ROUNDTABLE ON REFUGEE ASPIRATIONS
Milena Belloni, Lea Müller-Funk, Ayşen Üstübici, Natalie Welfens
Ayşen Üstübici & Eda Kirişçioğlu
Ilse van Liempt
Reinhard Schweitzer & Laura Cleton
Milena Belloni & Aurora Massa
Ventimiglia is a city in north-west Italy, about 10 km from the French border. Since 2015, it is also a focal point within the EU’s internal migration control and management system. National authorities have put measures in place aimed at blocking and controlling the flows of migrants seeking to cross into France. And migrants, for a variety of reasons, have done their best to circumvent these controls and continue their journeys in accordance with their own plans and desires. They rarely fail. It’s is a tense, active place that brings the complex relationship between migration policy, migrants’ vulnerabilities, and migrants’ desires into sharp relief.
During the last five years, a higher number of rejections on the French side of the border has led to an increase in the number of people stuck in Ventimiglia. The Red Cross established a camp in 2016 to provide them with some basic services, and a number of informal camps have been set up in the surrounding countryside as well. These are under constant threat of eviction by the Italian authorities. It is impossible for those stuck in Ventimiglia to move regularly from one country to another, and they are further impeded by a range of policy measures designed to make their journeys difficult, longer, and more fragmented. These include being repeatedly compelled to move, periods of waiting and blockages at the border, and forced transfers from the different EU countries.
Yet despite increasingly restrictive policies, the Italian authorities have not been able to stop irregular mobility. Policies cannot annihilate migrants’ desires and plans, or their aspirations to a better life. So irregular migration cannot be stopped. It can only be made to exact a higher human cost, measured in deaths and the creation of new vulnerabilities. As a result, a wealth of coping strategies and adaptations can be found wherever migrants and migration policy come into contact.
Adapt to survive
Migrants react differently to the restrictiveness of EU migration policies depending on the peculiarities of their situation: their legal status, their social and economic capital and, of course, their individual will. For instance, the decision to leave Italy frequently arises from the direct experience of living in this country, where the opportunities for social and economic integration are scarce. The situation in Italy runs against the general aspiration to find a place to settle and to establish secure foundations for the future. For this reason, many choose to continue their journey in the hopes of finding a better economic situation as well as a chance to regularise their legal status.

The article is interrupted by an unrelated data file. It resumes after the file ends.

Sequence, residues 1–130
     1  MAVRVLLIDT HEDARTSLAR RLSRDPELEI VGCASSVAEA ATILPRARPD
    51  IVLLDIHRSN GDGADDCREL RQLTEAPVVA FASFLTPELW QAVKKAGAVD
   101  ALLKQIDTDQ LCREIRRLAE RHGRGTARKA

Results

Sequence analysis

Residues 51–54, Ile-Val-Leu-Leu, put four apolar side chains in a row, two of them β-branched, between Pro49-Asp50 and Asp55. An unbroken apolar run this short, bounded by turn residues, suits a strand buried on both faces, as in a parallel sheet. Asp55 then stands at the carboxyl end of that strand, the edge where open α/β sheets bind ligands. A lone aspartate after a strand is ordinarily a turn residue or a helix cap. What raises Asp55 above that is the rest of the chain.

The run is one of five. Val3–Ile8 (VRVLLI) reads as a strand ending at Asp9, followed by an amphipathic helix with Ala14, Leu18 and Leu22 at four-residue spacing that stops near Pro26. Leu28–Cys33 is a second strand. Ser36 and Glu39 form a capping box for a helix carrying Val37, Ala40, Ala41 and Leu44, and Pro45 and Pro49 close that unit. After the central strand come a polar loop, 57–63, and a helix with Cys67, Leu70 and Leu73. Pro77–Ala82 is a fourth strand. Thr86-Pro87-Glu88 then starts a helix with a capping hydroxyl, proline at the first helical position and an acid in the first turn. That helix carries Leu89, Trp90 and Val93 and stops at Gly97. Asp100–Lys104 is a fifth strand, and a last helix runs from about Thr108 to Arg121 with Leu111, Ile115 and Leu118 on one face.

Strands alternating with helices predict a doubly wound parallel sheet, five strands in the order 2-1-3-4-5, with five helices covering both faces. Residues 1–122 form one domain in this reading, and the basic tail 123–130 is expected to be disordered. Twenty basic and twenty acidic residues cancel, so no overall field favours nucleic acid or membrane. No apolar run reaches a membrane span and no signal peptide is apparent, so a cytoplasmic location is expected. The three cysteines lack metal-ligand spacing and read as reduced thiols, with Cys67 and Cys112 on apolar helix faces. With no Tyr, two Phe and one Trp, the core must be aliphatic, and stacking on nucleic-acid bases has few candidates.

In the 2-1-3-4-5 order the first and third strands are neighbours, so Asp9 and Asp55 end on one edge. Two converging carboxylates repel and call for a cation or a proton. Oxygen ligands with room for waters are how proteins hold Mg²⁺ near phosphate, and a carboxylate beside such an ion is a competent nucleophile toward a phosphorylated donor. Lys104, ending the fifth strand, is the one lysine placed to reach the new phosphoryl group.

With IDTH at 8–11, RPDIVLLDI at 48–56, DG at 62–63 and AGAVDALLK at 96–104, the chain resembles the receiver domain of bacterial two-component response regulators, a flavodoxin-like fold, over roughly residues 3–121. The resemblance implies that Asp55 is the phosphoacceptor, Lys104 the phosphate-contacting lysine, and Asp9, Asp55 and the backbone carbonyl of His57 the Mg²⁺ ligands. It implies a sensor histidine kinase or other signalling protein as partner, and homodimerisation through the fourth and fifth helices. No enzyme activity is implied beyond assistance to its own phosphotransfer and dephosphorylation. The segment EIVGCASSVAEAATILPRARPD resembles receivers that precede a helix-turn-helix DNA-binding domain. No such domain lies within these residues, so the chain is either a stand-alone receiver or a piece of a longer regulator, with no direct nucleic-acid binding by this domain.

Some migrants use policies functionally in order to bring their project and aspirations to a successful conclusion. For example, after first being turned away from the border, they could decide to stay in Italy, obtain their documents, and only move on when the opportunity is there. They don’t give up on their general plans to move to specific EU countries, they only postpone them while seeking a holding solution in Italy.
Each time a journey is fragmented, a life has to be remade and a set of aspirations reimagined and reconfigured.
Others are travelling back the other way. They made it further north, were expelled when they got there, and are now hoping that Italy will accept their asylum claim. This group also includes those who are seeking to avoid repatriation at the hands of more pro-active EU states.